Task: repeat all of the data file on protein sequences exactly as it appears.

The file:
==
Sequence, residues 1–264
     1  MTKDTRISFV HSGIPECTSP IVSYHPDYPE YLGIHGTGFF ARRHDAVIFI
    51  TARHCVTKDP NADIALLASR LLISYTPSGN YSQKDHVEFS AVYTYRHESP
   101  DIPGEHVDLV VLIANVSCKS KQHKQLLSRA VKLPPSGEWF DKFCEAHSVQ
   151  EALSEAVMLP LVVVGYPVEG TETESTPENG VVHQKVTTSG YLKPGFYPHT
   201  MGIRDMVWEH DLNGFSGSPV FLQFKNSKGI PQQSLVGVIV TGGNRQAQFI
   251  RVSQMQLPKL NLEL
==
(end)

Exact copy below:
Sequence, residues 1–264
     1  MTKDTRISFV HSGIPECTSP IVSYHPDYPE YLGIHGTGFF ARRHDAVIFI
    51  TARHCVTKDP NADIALLASR LLISYTPSGN YSQKDHVEFS AVYTYRHESP
   101  DIPGEHVDLV VLIANVSCKS KQHKQLLSRA VKLPPSGEWF DKFCEAHSVQ
   151  EALSEAVMLP LVVVGYPVEG TETESTPENG VVHQKVTTSG YLKPGFYPHT
   201  MGIRDMVWEH DLNGFSGSPV FLQFKNSKGI PQQSLVGVIV TGGNRQAQFI
   251  RVSQMQLPKL NLEL